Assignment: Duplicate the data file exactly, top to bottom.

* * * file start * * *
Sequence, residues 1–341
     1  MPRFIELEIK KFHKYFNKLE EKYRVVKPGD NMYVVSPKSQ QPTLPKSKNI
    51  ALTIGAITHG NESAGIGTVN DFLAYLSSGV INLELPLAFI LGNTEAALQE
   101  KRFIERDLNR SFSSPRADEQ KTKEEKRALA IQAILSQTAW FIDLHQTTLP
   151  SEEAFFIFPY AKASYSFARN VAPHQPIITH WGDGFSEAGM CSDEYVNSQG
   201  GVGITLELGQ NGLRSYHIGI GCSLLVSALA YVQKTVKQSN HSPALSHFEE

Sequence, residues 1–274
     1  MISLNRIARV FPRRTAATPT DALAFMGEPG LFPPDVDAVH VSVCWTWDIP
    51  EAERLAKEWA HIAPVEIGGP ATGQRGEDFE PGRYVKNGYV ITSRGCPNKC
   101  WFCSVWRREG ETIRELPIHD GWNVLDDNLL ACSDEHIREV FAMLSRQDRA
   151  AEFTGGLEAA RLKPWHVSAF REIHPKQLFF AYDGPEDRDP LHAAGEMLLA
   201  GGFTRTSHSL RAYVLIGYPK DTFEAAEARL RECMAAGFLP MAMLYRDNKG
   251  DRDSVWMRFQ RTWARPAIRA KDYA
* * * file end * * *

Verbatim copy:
Sequence, residues 1–341
     1  MPRFIELEIK KFHKYFNKLE EKYRVVKPGD NMYVVSPKSQ QPTLPKSKNI
    51  ALTIGAITHG NESAGIGTVN DFLAYLSSGV INLELPLAFI LGNTEAALQE
   101  KRFIERDLNR SFSSPRADEQ KTKEEKRALA IQAILSQTAW FIDLHQTTLP
   151  SEEAFFIFPY AKASYSFARN VAPHQPIITH WGDGFSEAGM CSDEYVNSQG
   201  GVGITLELGQ NGLRSYHIGI GCSLLVSALA YVQKTVKQSN HSPALSHFEE

Sequence, residues 1–274
     1  MISLNRIARV FPRRTAATPT DALAFMGEPG LFPPDVDAVH VSVCWTWDIP
    51  EAERLAKEWA HIAPVEIGGP ATGQRGEDFE PGRYVKNGYV ITSRGCPNKC
   101  WFCSVWRREG ETIRELPIHD GWNVLDDNLL ACSDEHIREV FAMLSRQDRA
   151  AEFTGGLEAA RLKPWHVSAF REIHPKQLFF AYDGPEDRDP LHAAGEMLLA
   201  GGFTRTSHSL RAYVLIGYPK DTFEAAEARL RECMAAGFLP MAMLYRDNKG
   251  DRDSVWMRFQ RTWARPAIRA KDYA